Do You Love Me? Psychological Characteristics of Romance Scam Victims

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Do You Love Me? Psychological Characteristics of Romance Scam Victims

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Do You Love Me? Psychological Characteristics of Victims

An Academic Study by Monica T. Whitty, Ph.D.

Foreword By The Society of Citizens Against Romance Scams [SCARS]

For the purpose of enhancing  understanding and assistance & support providers knowledge, we are presenting the study in its entirety without edits or comments.

While the results are the interpretation of the researcher and may differ from the practical experience of our organization over 27 years, we feel this is invaluable in expanding the understanding of the impacts on .

While some scam victims may feel like this reduces them to little more than lab rats, it is important to understand that such studies help us all better understand the impact that scams have on different individuals and helps us develop better support and recovery solutions for victims.

Footnotes: throughout the text, you will find numbers at the end of phrases and sentences, these refer to the numbered references at the bottom of the document.

Do You Love Me? Psychological Characteristics of Romance Scam Victims
An Academic Study by Monica T. Whitty, Ph.D.

Abstract

The online dating romance scam is an , typically conducted by international criminal groups via online and sites. This type of mass-marketing fraud (MMF) is the most frequently reported type of MMF in most Western countries. This study examined the psychological characteristics of romance scam victims by comparing romance scam victims with those who had never been scammed by MMFs. Romance scam victims tend to be middle-aged, well-educated women. Moreover, they tend to be more impulsive (scoring high on urgency and sensation seeking), less kind, more trustworthy, and have an addictive disposition. It is argued here that these findings might be useful for those developing prevention programs and awareness campaigns.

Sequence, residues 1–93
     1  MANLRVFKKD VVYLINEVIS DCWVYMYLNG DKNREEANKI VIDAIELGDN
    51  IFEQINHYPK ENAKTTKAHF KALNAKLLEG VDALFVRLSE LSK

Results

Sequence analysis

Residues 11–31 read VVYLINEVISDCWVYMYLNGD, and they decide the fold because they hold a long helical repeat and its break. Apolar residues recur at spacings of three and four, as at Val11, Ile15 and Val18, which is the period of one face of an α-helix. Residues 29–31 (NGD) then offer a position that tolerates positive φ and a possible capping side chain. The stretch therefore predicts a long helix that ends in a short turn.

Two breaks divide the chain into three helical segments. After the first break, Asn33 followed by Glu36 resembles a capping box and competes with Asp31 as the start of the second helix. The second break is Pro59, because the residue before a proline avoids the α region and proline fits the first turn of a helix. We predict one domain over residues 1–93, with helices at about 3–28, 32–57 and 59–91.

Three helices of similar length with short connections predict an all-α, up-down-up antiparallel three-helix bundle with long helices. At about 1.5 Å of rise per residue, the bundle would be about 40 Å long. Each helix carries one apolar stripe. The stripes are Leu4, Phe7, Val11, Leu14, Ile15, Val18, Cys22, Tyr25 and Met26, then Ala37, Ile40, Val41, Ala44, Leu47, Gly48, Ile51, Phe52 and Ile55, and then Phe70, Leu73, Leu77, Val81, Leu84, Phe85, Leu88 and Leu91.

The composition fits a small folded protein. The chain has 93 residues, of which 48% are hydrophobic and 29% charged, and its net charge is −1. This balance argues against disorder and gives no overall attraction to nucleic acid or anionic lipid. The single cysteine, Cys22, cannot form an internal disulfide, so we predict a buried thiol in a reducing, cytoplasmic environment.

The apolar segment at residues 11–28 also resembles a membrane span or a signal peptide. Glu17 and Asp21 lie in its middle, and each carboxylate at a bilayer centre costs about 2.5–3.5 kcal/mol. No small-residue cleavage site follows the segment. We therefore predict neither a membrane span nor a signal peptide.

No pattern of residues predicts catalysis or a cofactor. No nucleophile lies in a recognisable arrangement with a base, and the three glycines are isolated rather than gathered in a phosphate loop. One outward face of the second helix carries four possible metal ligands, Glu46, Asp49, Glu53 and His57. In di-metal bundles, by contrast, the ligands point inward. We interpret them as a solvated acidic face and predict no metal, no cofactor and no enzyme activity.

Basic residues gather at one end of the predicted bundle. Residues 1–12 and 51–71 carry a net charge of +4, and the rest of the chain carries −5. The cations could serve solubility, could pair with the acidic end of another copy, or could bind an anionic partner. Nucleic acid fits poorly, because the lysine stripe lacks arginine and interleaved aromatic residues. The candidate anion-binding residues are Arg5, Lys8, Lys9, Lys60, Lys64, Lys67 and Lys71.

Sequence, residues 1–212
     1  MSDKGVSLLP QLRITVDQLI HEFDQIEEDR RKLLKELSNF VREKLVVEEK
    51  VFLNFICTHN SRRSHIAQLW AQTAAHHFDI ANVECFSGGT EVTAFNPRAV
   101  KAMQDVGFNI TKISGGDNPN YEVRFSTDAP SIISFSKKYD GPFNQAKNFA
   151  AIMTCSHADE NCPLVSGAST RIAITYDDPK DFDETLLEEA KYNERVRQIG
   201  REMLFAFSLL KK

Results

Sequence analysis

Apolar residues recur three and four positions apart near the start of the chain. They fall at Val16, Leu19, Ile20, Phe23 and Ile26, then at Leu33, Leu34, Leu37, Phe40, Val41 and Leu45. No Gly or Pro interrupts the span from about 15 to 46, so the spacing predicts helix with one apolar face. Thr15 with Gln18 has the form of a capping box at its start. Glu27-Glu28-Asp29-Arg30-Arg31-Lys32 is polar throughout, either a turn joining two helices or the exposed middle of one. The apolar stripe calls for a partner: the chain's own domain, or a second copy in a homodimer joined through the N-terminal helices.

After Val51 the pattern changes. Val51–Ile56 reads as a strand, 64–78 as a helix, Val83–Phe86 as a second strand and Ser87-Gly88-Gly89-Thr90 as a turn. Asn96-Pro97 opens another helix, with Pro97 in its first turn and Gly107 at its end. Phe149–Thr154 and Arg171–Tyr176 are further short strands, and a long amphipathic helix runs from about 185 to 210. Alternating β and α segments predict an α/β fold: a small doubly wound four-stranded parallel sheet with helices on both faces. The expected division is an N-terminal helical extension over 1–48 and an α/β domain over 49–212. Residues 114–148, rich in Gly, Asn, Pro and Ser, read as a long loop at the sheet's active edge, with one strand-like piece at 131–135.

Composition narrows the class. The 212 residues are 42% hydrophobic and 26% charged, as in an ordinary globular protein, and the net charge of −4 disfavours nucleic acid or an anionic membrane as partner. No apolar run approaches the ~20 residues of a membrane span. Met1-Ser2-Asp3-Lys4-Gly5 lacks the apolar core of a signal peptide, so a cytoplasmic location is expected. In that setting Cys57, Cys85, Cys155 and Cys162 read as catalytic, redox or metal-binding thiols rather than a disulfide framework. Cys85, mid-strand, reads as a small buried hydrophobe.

Introduction

Mass-marketing fraud (MMF) is a type of fraud that exploits mass communication techniques (e.g., email, Instant Messenger, bulk mailing, social networking sites) to trick people out of money. One of the most well known of these is the 419 (Nigerian email scam), which existed in letter writing before the Internet. In the last 10 years we have witnessed an explosion of this crime on a global scale. In the United Kingdom in 2016, it was reported in the British Crime National survey that citizens are 10 times more likely to be robbed while at their computer by a criminal-based overseas than to fall victim of theft.1 Given the numbers of individuals scammed by MMF, there is an urgent need to understand in more detail the reasons why people are tricked and the kinds of people who are more vulnerable to becoming scammed.

The romance scam (also referred to as the online dating romance scam or the ) is of particular concern given the numbers of victims reported worldwide.1–6 The online dating romance scam is an Advance Fee Fraud, typically conducted by international criminal groups via online dating sites and social networking sites.6 Criminals pretend to initiate a relationship with the intention to defraud their victims of large sums of money. Scammers create fake profiles on dating sites and social networking sites with stolen photographs (e.g., attractive models, army officers) and a made-up identity. They develop an online relationship with the victim off the site, ‘‘grooming’’ the victim (developing a hyperpersonal relationship with the victim) until they feel that the victim is ready to part with their money.7,8 This scam has been found to cause a ‘‘double hit’’–a financial loss and the loss of a relationship. Whitty and Buchanan9 found that for some victims the loss of the relationship was more upsetting than their financial losses, with some victims describing their loss as the equivalent of experiencing a death of a loved one.

By studying MMF we might be able to develop more effective methods to detect and prevent this type of crime. For example, we could learn more about who to target when conducting awareness campaigns or the most appropriate interventions according to personality type. This article reports empirical research examining the psychological characteristics of victims of romance scams. It is hoped that the findings will be applied in the crime prevention of romance scam and MMF in general.

Typology of Victims

There has been some speculation about the typology of fraud victims. Much of the work has focused on personal fraud, in general. For example, Titus and Gover10 believe that victims of fraud are more likely to be cooperative, greedy, gullible/uncritical, careless, susceptible to flattery, easily intimidated, risk takers, generous, hold respect for authority, and are good citizens. Fischer et al.11 found in their survey research that scam victims or near scam victims were more affected by the high values offered in scams and displayed a high degree of trust in the scammers. They also found some support for the notion that some kind of enduring personality trait might increase susceptibility to persuasion.